After my article on the “Matilda effect” (click here to read it), I decided to write stories of forgotten women in STEM. Last week I wrote about dr. Cecilia Payne, an astrophysicist who suggested for the first time that the stars are primarily composed by hydrogen and helium (click here to read it).
The second episode is about Ann Katharine Mitchell, who started her career at the Bletchley Park with Alan Turing.
Ann Katharine Williamson was born in Oxford and studied mathematics there, against the “advice” of her headmistress, who believed that maths was not a proper subject for a lady to study. She graduated in 1943 and was immediately recruited to work at Bletchley Park.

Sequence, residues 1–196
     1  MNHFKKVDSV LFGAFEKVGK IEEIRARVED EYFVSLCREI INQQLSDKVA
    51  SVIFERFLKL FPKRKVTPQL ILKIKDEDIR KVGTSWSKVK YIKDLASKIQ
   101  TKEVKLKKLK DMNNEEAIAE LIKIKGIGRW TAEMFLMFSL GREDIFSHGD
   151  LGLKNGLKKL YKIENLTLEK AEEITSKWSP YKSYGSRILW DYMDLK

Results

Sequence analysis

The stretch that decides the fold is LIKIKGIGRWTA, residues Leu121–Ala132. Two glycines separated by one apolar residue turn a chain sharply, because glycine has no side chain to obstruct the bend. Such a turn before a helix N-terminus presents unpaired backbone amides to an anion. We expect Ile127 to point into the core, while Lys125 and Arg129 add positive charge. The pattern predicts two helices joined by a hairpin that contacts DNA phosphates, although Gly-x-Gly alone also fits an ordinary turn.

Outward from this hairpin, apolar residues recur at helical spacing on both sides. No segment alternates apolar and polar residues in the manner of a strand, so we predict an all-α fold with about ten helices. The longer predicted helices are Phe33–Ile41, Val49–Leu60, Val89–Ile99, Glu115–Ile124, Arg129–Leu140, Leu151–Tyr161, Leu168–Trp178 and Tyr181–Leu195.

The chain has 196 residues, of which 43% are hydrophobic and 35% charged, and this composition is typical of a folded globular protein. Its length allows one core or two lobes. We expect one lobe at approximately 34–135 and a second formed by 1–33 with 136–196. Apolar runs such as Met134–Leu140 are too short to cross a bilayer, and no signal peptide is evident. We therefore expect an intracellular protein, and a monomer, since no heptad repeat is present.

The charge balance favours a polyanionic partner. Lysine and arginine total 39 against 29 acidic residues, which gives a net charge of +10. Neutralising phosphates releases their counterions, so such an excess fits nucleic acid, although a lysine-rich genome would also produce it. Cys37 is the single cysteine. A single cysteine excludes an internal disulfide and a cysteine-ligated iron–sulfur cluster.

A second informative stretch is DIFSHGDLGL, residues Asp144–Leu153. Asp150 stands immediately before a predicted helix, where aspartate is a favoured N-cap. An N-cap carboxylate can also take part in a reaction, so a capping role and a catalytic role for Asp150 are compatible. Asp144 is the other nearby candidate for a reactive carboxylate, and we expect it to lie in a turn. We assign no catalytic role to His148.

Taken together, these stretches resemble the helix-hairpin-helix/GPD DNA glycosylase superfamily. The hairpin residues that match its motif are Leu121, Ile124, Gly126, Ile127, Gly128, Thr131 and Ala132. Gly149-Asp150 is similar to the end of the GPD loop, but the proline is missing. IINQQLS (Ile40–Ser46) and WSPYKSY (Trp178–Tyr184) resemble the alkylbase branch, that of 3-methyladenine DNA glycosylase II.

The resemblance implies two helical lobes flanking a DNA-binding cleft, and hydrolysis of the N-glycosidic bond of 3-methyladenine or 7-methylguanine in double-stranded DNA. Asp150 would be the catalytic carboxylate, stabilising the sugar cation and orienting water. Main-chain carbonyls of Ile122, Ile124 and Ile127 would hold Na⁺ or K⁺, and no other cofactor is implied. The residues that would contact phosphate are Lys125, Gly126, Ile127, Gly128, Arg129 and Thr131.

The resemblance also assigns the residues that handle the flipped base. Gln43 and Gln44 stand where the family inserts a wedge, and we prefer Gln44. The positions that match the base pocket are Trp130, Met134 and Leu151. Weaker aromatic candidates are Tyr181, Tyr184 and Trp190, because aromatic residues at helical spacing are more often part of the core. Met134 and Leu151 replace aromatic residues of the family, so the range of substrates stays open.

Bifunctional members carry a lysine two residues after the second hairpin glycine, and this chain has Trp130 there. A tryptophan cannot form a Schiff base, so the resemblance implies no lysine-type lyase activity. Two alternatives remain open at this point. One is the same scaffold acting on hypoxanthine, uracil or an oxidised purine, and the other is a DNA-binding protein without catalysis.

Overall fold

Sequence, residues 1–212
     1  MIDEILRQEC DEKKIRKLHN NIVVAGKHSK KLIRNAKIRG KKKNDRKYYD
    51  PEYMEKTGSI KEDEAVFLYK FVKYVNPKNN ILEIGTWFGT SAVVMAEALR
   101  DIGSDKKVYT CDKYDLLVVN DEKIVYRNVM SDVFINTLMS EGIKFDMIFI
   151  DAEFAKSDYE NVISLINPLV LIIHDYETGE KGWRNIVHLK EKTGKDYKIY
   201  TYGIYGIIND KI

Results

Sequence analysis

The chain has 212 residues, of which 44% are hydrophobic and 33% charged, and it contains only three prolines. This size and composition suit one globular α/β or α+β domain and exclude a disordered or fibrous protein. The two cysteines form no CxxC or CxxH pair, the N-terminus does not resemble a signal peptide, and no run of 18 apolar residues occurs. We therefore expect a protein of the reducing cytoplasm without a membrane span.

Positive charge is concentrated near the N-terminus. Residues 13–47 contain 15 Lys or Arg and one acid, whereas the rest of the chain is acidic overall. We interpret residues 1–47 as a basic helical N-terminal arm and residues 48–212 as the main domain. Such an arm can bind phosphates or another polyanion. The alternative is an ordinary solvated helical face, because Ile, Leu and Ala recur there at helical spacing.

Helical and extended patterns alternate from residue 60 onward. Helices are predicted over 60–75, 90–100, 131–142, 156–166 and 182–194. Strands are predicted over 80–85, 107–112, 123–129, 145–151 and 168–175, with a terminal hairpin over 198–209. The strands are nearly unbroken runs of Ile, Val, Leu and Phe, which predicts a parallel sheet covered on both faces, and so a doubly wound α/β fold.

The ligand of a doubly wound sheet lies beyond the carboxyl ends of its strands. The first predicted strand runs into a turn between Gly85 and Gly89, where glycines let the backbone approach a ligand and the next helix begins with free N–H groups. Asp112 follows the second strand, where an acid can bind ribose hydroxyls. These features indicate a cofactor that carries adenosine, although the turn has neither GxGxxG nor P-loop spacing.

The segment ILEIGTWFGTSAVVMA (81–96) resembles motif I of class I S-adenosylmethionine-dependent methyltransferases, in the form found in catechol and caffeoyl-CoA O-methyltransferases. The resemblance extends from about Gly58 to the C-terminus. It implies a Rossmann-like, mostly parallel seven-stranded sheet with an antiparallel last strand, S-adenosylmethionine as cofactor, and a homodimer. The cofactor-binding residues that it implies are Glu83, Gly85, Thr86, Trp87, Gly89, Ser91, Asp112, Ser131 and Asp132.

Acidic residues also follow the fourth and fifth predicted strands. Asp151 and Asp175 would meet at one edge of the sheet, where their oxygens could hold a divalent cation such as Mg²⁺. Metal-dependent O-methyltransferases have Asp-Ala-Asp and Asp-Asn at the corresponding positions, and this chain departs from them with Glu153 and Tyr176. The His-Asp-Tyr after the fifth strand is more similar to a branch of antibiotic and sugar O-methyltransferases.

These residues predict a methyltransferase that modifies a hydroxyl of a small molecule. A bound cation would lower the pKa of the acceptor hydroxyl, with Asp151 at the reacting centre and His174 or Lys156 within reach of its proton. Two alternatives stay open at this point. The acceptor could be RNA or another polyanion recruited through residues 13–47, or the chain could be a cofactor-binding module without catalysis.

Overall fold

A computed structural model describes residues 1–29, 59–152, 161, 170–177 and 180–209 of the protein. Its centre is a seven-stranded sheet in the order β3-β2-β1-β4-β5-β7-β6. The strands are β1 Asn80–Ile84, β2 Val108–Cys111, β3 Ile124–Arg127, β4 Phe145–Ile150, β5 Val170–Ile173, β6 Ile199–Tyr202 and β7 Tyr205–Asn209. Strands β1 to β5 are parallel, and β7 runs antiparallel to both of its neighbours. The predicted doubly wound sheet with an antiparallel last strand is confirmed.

She worked in Hut 6 with Alan Turing and the Enigma cypher between 1943 and 1945 (she was just 20 years old!!!!). After the war, she was prohibited to talk about her job and she kept the secret for more than 50 years.
Ann Katharine worked then as a marriage guidance counsellor and graduated with a Master of Philosophy in 1980. She studied divorces and children’s experience of family breakup and worked at the Department of Social Administration at the University of Edinburgh.
Her work at Bletchley Park was awarded with the certificate of service.
She wrote books on:
- her work in the Hut 6: “he Bletchley Girls: War, Secrecy, Love and Loss: The Women of Bletchley Park Tell Their Story“
- divorce and children’s experience: “Someone to Turn To: Experiences of Help before Divorce“, “When Parents Split Up“, “Children in the Middle“, “Coping with Separation and Divorce“, “Families“
- the history of Edinburg: “The People of Calton Hill“, “No More Corncraiks: Lord Moray’s Feuars in Edinburgh’s New Town“